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Over The Boards

Mailbag: Projecting playoff sleeper, toughest challenges for Lightning

NHL.com's Dan Rosen answers weekly questions

by Dan Rosen @drosennhl / NHL.com Senior Writer

Here is the April 10 edition of Dan Rosen's weekly mailbag, which runs every Wednesday. If you have a question, tweet it to @drosennhl and use #OvertheBoards.

 

Of the teams you picked to win in the first round, which is most likely to lose? -- @tealforreal_96

None, which is why I picked them.

I'm not serious. I don't expect to go 8-0 in my predictions for the first round of the Stanley Cup Playoffs, although the bragging rights on my colleagues would be great to have if I did.

My winners in the first round: Tampa Bay Lightning, Boston Bruins, Washington Capitals, New York Islanders, Calgary Flames, Vegas Golden Knights, St. Louis Blues and Dallas Stars. Of those, I hemmed and hawed the most on the Islanders, so they're the answer to your question. 

I picked the Islanders to defeat the Pittsburgh Penguins in the Eastern Conference First Round because the relentless way they defend plus their strong goaltending could frustrate the Penguins and get them off their game. The Islanders do a great job of taking away the middle of the ice, especially in their defensive zone. They tie up sticks and keep traffic away from their goalie. They're strong on the walls and in the corners, routinely winning board battles. They were fourth in the League in blocked shots (1,295). Even when teams dominate possession time against the Islanders they don't end up with many Grade A scoring chances. It added up to the Islanders being the stingiest defensive team in the League this season. Their goalies, Robin Lehner and Thomas Greiss, shared the William M. Jennings Trophy for having the lowest goals-against in the NHL (191, 2.33 per game). Lehner went 25-13-5 with a .930 save percentage and 2.13 goals-against average. Greiss went 23-14-2 with a .927 save percentage and 2.28 GAA. They were second and third, respectively, in save percentage and GAA among goalies with 40 or more appearances. If the Islanders stay true to their form, they will make it difficult on the Penguins. If they do, they'll score enough to win the series. 

All that said, Sidney Crosby, Evgeni Malkin, Phil Kessel, Jake Guentzel and, if he's healthy, Kris Letang can make a good defensive team look pedestrian. The Penguins averaged 3.30 goals per game this season and they were fifth on the power play at 24.6 percent. If they consistently score early to get the Islanders chasing, this could also be a short series in Pittsburgh's favor. The Islanders want to avoid trailing early because then they might have to open up and that could create a game of trading chances that they will not win.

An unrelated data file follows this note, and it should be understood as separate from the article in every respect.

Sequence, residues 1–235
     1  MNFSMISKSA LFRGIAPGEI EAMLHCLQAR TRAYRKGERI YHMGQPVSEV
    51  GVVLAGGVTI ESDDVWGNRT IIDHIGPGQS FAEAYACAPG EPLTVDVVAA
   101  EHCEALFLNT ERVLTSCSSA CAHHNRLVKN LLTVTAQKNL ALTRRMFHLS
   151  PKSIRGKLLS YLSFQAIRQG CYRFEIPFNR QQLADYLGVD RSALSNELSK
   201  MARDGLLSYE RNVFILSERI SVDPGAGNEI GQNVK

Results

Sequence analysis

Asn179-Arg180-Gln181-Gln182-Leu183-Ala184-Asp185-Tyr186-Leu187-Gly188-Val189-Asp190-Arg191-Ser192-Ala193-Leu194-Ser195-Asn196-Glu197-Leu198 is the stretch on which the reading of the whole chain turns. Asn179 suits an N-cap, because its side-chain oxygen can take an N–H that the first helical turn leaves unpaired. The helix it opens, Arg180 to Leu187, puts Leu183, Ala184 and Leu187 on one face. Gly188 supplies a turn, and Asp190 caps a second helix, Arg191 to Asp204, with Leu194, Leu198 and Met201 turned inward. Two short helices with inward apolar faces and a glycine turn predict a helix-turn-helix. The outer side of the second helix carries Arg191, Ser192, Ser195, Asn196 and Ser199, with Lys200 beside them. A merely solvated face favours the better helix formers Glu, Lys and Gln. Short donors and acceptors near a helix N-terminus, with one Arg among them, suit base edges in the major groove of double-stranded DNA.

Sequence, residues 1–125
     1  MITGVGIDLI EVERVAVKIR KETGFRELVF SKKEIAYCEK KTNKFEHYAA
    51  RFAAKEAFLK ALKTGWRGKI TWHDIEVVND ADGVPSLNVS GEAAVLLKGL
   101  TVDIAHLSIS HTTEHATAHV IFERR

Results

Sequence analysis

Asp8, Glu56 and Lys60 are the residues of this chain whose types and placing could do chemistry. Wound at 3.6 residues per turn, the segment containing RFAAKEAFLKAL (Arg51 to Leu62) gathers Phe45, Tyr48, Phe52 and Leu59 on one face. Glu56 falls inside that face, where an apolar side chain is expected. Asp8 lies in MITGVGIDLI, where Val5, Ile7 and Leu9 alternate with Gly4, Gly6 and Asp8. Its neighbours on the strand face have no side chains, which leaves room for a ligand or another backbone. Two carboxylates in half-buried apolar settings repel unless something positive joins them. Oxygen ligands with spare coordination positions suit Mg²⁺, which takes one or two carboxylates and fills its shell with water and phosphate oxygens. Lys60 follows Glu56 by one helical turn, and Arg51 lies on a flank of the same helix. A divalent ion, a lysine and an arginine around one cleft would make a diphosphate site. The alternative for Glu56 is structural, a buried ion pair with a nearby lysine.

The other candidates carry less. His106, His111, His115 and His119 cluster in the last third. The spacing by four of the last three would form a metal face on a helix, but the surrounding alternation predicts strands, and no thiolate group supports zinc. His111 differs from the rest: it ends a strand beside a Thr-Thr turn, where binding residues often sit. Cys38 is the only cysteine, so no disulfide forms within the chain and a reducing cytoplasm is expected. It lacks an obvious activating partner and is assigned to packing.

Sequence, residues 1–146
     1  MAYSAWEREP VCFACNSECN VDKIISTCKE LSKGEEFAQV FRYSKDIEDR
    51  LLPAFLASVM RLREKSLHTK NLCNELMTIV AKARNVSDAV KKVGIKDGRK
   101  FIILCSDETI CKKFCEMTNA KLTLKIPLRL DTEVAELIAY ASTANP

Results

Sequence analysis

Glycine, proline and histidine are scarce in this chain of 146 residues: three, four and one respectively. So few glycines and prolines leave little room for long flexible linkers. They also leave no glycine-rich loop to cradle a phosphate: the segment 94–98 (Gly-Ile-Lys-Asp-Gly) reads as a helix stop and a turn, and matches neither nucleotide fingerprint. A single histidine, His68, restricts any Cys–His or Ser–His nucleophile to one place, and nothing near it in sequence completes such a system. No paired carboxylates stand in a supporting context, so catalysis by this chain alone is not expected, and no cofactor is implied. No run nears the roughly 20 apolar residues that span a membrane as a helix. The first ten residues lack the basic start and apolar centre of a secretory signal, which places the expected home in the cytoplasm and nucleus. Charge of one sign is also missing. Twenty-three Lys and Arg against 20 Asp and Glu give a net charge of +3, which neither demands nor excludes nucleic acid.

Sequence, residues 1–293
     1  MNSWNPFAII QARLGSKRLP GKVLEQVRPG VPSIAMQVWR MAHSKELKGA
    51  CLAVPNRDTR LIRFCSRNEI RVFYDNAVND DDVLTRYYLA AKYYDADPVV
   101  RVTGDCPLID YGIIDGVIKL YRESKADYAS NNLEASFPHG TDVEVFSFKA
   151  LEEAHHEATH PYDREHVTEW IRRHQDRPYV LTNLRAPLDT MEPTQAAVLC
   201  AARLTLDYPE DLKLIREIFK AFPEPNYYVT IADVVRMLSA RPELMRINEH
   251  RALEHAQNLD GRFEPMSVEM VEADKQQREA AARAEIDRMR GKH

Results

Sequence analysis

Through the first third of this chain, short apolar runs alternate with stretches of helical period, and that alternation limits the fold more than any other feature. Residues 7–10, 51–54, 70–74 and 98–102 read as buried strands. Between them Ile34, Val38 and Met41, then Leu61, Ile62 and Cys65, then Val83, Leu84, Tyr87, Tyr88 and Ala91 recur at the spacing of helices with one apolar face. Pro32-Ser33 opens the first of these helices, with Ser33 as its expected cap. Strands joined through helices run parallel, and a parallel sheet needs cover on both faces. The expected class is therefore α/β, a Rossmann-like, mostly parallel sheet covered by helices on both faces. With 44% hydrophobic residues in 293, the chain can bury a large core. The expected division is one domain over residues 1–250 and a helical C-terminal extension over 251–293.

Video: 2019 Stanley Cup Playoffs: Don't Leave Empty-Handed

 

Which team starting on the road has the best chance to move on in the series or at least matches up well? Let's say one team from the east and west. -- @GoldenSaucerGuy

I picked three so-called underdogs, teams starting on the road, to win their series in the Blues, Stars and Golden Knights. Of those Western Conference teams, I'm most sold on the Blues to defeat the Winnipeg Jets. In the East, it's my answer above, the Penguins, for the reasons I laid out in the answer.

The Blues are the most dangerous team in the Western Conference because they're the most balanced and they're heavy. In most cases, the Jets are heavier and bigger than their opponent. That's not the case with the Blues, whose top line of Ryan O'Reilly, Vladimir Tarasenko and Brayden Schenn is like a meat grinder for opponents. They'll hound the puck, wear you down, keep it in the offensive zone and they're all finishers. The Blues also have a fourth line featuring Alexander Steen, Zach Sanford and Ivan Barbashev that can be the difference in a game. They combined for 18 points (nine goals, nine assists) in the last nine games of the regular season. There's a lot of meat in the middle six too. The Blues have activated their defense, a reason they led the Western Conference and were second in the League in goals from defensemen (46). We're talking about sizeable defensemen too with Colton Parayko (6-foot-6), Jay Bouwmeester (6-4), Robert Bortuzzo (6-4) and Alex Pietrangelo (6-3). The wild card is goalie Jordan Binnington. He answered every question asked about him in the regular season, going 24-5-1 with a 1.89 GAA and .927 save percentage. If he can do it in the playoffs too, I think the Blues will reach the Stanley Cup Final.

The Jets also haven't faced this version of the Blues. They played them four times by Dec. 7 and went 3-1-0. The Blues' turnaround didn't start until early January. They were a League-best 30-10-5 from Jan. 2 to the end of the season. The Jets were 22-18-3 in the same timeframe, including 3-5-1 in their last nine games. Say what you want about the regular season not meaning anything once the playoffs begin, but there is something to be said for the way teams trend in the second half. The Blues were up, the Jets were not.